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Pakistan’s Neutral Stance on Qatar

Written right after the Qatar embargo

Published Global Affairs Jul 2017

Qatar recently found itself in hot water based on comments attributed to its leadership – comments that had been categorized as fake news. As a pretext it served its purpose. The oil-gas rich nation has been placed in a diplomatic stranglehold though it renounced charges of funding terrorism and being a destabilizing influence the region. These may be pressure tactics meant to put Qatar in its place, cut it down to size, make it tow the GCC line whatever that might be at the moment. The definition of terror in this case is open to interpretation. Qatar fights ISIL alongside coalition partners. But its support for proscribed groups like Muslim Brotherhood for instance and relationship with Tehran keeps it in the doghouse.

Washington remains ambivalent. The American President endorsed the move. The Secretary of State cautioned against boycotts. But GCC nations seem clear-sighted. The small state houses US CENTCOM, thousands of American troops and some 2.7 million expats. In UAE it’s a country that can no longer be named without serious repercussions. Doha faces diplomatic isolation from Gulf nations including KSA, Egypt, Bahrain, Yemen and Maldives. Turkey and Iran however stand by the alliance rushing to the rescue with food and promises of troop deployments. Kuwait is already in the ring trying to defuse the situation.

And Pakistan to date has refused to join the hunting party choosing to stay on the fringes – as it carries out its business as usual. And there it should remain. Pakistan recently took a principled stance on Yemen and risked KSA and UAE’s ire. Its dreams of taking on the mantle of a mediator in the Qatar spate have yet to be realized.

As with any crisis there will be winners and losers. Indian Airlines now must fly over Pakistan and Iran and reportedly incur greater cost. Omar Air on the other hand can slip in to fill the void left by Qatar Airways now barred from using key airspaces. Tehran can hope to exchange food, water, trade routes for a loyalty pledge from Doha in the future. Al-Jazeera remains in danger of being shuttered or muzzled to the delight of vested interests. And the 2022 World Cup venue can be for grabs. Also, new players will emerge to take advantage of the vacancy left by confused Western policy makers.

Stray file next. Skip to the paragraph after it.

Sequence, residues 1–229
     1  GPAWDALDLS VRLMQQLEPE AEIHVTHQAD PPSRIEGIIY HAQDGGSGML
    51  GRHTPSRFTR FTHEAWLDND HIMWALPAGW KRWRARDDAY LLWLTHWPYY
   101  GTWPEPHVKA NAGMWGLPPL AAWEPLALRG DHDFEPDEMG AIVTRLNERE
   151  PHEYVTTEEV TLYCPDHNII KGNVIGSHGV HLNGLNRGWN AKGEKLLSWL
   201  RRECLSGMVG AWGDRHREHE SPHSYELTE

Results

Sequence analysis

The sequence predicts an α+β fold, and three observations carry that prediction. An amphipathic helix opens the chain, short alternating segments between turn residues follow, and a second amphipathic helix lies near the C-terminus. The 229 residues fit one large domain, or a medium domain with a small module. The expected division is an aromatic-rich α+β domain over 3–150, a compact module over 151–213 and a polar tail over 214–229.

Such rifts, while not new expose major fault-lines within the Gulf region. Qatar was a part of IMAFT – Islamic Military Alliance to Fight Terrorism. And yet it stands accused of being a supporter of terrorism. To many the concept of a unified front against terrorism may seem to be at odds with regional politics and unspoken agendas. It is also telling that collective threats like ISIS cannot unify the Middle Eastern region so great is the divide. Or that the Saudi-led war against terror would start in its own backyard.

Islamabad’s decision to shun what are essentially sophisticated power grabs makes sense in that context. Though the act appears to have given some nations ideas and one can almost see the wheels turning as they wonder - can we have a version of this embargo in South Asia? And how far can nuclear nations be pushed before someone blinks are some of the questions in their mind. Especially after having seen the impact of diplomatic isolation – and how Qatar’s money and influence and proximity to CENTCOM couldn’t save it from being put in its place.

The negotiating table is where the second act may play out, provided Kuwait succeeds in its mission. But should the standoff intensify, its echoes are bound to be felt along the shores of the Arabian Sea and beyond. Pakistan needs to anticipate the next few moves in this global chessboard, because the bizarre looking new world order now threatens to upend old alliances. It is best to be prepared.


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